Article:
Corrosion is a big menace for anything with steel application from rebars in construction, oil and water pipelines, railway track, power distribution poles to automobiles, says Kunal Bose.
India raced past Germany last year to become the world’s fourth largest automobile market with sales of 4.02 million vehicles. The three countries ahead of us were China, the US and Japan.
What was particularly outstanding for India was its achieving the globe’s fastest rate of growth in automobile sales in 2017 at 9.5 per cent.
No wonder, there is a compelling pull for leading auto groups in the West and Japan to go on strengthening their manufacturing muscle here.
A question is now thrown at them and their two Indian peers as to why they are using carbon cold-rolled (CR) steel and not the desirable galvanised steel in building cars here for local marketing.
Call it make in India for the world, manufacturers from Maruti Suzuki to Hyundai to Ford are all exporting cars in growing numbers taking advantage of skills availability and comparatively low production cost.
Interestingly, while the cars exported from India are by regulation built with galvanised steel, all the sub-Rs 10 lakjh vehicles sold in the local market will have their panels - bonnet, boot, sills and doors - made from CR steel with attempts to improve its anti-corrosive character through coatings and treatments.
As field surveys conducted by IIT Bombay first in Mumbai in 2015 and then in Chennai earlier this year show, however advanced the coatings are, they are not found effective in stopping blisters, surface rust and perforations appearing on panels.
Therefore, coatings are no substitute for hot-dip galvanised steel.
A major survey conclusion is that more than perforations, cars suffer damages by way of blisters, surface rust and imperfections as they get exposed to aggressive climate marked by high levels of humidity, marine environment and acid rain.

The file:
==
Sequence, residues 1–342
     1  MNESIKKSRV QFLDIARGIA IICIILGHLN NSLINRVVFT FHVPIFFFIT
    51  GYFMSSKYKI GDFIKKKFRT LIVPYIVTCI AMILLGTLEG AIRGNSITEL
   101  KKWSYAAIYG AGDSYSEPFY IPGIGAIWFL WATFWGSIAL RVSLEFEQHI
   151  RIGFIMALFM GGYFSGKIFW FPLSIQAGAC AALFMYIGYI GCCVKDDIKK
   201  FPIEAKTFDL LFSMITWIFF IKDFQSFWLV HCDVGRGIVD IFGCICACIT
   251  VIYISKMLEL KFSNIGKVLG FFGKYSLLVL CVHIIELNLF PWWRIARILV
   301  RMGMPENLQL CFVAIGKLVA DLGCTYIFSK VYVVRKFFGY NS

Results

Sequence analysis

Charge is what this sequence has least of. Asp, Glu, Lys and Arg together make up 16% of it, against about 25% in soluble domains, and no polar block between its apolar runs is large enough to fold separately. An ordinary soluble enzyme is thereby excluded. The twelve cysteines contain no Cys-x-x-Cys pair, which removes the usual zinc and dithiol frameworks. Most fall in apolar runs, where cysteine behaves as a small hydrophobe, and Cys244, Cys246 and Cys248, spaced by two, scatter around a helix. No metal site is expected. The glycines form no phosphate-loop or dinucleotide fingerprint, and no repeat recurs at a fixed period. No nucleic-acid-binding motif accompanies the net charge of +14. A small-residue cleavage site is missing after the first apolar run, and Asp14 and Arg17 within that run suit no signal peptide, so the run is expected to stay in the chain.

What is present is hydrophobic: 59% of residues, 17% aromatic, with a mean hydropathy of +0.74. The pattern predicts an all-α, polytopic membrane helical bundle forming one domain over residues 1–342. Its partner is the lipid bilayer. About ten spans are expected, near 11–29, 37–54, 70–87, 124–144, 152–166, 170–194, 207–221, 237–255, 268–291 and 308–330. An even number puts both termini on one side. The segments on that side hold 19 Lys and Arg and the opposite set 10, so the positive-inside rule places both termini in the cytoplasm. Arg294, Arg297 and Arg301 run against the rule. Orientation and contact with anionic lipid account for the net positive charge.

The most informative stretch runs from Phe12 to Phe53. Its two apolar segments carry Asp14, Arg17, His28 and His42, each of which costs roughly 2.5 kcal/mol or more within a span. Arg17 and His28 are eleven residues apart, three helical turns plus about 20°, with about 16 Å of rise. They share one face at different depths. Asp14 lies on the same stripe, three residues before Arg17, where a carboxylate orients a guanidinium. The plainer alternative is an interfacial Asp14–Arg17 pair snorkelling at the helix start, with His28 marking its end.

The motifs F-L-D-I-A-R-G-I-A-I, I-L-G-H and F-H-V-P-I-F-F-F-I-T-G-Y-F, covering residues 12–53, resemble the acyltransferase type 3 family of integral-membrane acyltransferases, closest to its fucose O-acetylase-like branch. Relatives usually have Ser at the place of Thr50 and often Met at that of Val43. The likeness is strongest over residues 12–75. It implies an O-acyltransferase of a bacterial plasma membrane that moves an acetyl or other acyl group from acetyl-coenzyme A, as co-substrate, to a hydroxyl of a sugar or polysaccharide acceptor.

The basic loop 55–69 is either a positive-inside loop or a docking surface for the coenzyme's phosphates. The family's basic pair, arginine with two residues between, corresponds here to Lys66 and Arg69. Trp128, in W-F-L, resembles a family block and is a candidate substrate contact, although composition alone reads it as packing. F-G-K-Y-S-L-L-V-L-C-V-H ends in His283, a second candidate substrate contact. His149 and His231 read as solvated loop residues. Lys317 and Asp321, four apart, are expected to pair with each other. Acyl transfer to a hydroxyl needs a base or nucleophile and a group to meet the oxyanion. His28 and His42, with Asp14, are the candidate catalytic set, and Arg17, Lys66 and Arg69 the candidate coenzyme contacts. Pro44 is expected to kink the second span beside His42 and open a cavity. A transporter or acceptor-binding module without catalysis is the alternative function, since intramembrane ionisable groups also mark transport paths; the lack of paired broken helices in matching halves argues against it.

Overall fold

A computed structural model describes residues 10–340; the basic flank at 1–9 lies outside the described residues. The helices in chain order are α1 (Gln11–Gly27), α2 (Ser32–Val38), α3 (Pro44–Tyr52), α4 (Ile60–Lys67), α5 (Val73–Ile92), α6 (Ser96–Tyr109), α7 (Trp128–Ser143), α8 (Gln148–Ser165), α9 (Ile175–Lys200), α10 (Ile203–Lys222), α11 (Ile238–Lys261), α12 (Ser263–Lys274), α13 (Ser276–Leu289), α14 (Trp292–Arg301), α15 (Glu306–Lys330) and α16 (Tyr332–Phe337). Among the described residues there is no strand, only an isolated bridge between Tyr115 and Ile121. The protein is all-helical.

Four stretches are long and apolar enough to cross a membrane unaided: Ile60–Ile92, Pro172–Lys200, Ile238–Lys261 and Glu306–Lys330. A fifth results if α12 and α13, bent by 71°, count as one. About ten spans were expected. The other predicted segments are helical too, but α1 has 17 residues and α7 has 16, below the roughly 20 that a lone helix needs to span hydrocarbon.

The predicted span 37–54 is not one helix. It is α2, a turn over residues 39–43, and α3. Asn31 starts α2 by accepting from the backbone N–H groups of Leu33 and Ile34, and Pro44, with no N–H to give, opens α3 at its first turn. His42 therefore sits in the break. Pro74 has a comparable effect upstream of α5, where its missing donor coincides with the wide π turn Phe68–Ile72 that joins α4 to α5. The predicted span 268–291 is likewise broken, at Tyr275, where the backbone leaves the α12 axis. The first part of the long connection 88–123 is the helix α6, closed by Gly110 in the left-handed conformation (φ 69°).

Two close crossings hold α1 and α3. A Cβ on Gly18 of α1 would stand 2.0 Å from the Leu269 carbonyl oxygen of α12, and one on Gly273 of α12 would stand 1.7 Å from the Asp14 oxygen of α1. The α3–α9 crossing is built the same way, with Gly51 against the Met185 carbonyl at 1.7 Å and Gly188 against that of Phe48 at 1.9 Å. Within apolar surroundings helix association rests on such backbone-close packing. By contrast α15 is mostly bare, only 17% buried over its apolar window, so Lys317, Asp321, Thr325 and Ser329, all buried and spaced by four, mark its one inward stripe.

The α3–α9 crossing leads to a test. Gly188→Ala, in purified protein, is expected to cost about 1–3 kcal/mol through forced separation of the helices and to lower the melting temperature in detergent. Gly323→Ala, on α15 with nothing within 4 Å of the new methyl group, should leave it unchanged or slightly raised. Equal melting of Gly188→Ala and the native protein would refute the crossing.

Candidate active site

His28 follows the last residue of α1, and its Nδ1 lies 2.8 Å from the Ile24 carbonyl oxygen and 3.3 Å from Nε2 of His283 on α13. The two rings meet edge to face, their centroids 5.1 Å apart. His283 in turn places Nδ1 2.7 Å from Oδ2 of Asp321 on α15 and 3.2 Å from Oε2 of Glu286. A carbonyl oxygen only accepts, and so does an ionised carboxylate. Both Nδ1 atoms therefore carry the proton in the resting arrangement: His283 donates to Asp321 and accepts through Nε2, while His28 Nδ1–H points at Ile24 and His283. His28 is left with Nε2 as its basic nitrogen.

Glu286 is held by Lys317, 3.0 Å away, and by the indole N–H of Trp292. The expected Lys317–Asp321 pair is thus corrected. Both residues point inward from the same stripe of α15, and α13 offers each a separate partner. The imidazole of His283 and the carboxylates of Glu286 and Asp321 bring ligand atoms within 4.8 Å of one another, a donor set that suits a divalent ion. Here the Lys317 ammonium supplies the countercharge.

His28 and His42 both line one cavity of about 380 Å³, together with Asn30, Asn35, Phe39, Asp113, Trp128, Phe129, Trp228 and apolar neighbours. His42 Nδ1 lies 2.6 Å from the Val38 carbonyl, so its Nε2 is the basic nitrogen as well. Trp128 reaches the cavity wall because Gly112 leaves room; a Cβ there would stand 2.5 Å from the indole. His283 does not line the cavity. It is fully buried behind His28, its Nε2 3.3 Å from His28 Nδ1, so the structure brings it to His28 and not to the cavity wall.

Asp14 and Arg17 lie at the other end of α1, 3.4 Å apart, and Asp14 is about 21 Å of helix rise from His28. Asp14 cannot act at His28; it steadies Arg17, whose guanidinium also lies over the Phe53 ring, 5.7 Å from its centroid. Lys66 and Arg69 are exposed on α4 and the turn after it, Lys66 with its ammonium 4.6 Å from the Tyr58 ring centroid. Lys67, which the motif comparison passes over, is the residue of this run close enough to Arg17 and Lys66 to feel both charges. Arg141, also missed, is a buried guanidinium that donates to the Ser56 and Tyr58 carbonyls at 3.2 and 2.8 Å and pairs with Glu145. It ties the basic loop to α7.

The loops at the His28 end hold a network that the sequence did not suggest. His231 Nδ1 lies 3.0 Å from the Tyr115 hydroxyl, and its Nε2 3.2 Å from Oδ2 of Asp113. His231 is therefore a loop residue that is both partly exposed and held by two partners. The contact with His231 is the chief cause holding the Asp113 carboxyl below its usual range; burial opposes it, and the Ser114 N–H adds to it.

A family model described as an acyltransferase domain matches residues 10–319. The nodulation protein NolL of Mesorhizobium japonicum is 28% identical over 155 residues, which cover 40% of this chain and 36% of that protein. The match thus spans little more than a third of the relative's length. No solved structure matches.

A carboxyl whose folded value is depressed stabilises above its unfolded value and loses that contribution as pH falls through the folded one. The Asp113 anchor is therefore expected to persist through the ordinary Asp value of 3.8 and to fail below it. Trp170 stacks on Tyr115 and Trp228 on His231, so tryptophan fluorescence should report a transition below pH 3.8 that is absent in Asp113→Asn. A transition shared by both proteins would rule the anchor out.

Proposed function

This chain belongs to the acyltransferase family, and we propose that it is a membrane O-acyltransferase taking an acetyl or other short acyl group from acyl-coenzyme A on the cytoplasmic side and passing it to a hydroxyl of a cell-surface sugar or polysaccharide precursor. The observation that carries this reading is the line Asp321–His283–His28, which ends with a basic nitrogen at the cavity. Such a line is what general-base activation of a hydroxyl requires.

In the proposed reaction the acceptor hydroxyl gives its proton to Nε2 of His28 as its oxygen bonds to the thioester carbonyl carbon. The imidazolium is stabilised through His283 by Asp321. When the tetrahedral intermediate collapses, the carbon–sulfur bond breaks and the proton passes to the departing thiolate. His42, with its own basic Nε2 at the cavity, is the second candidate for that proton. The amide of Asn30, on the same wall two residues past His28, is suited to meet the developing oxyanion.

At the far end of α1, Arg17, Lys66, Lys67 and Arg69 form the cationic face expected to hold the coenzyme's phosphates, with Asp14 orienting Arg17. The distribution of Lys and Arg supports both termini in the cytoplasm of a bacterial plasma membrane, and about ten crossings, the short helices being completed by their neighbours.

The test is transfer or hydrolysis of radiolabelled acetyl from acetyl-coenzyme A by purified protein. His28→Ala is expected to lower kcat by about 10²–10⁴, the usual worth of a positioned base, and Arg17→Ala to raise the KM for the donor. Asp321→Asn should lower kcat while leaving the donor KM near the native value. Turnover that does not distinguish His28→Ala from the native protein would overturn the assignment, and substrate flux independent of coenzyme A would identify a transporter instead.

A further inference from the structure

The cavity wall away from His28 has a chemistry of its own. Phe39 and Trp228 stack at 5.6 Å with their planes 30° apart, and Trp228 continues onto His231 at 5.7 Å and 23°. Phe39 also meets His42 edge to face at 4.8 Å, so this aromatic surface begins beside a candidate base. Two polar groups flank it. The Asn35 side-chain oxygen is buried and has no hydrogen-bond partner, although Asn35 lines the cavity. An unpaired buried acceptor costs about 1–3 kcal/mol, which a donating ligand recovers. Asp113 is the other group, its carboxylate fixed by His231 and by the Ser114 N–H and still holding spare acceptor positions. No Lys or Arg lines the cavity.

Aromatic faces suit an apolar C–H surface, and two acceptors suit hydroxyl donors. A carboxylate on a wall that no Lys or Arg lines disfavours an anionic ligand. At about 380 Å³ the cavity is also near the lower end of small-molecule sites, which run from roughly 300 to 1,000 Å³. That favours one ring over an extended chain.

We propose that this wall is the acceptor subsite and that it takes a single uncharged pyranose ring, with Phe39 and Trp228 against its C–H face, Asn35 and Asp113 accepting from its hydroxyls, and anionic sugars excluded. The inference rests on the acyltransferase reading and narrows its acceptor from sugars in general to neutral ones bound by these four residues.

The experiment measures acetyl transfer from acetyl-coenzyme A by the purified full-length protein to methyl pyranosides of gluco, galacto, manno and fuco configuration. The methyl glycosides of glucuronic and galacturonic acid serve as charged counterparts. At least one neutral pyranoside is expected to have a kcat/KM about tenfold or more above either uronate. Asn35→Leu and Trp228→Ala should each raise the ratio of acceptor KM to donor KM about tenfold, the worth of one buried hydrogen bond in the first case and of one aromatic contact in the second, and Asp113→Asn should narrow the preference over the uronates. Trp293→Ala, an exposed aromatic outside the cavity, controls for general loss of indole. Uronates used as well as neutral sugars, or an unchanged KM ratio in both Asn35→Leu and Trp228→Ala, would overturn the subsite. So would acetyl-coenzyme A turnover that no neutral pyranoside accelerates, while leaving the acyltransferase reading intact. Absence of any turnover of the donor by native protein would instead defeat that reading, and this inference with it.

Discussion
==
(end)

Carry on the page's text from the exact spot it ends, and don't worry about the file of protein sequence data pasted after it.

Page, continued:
More the cars age, greater will be the damages by corrosion, especially in their under-body and structural components. Over 60 per cent of cars on Indian roads have surface-rust.
Interestingly, the source of inspiration for IIT work was the series of parking lot corrosion surveys of cars done in Detroit in Michigan in the 1980s at the behest of American Iron and Steel Institute and the Big Three US automakers - GM, Ford and Chrysler.
Based on survey recommendations, the US automobile industry migrated from using CR steel to galvanised and galvannealed steel for making car interior, exterior and under-body parts.
At the same time, much improvement continued to happen in base coat and clear coat paint technology, thanks to increasingly large R&D investments by Western and Japanese paints industry.
A little known fact here is that consumer activists and government nudges played an important role in forcing the US automakers to use galvanised steel instead of CR steel.
Consumer activist and clean environment crusader Ralph Nader was in the forefront of public campaign against rusting of cars, which at some point compromises their structural integrity and safety of riders.
Government mandate and safety consideration have led automakers in Europe, Japan and South Korea also to use galvanised steel.
Based on this, cars in all these countries carry anti-corrosion and anti-perforation guarantee for at least ten years.
This, however, is not the case with the automobile industry in China and India where only the ones made for exports have panels and under-body parts made of galvanised steel.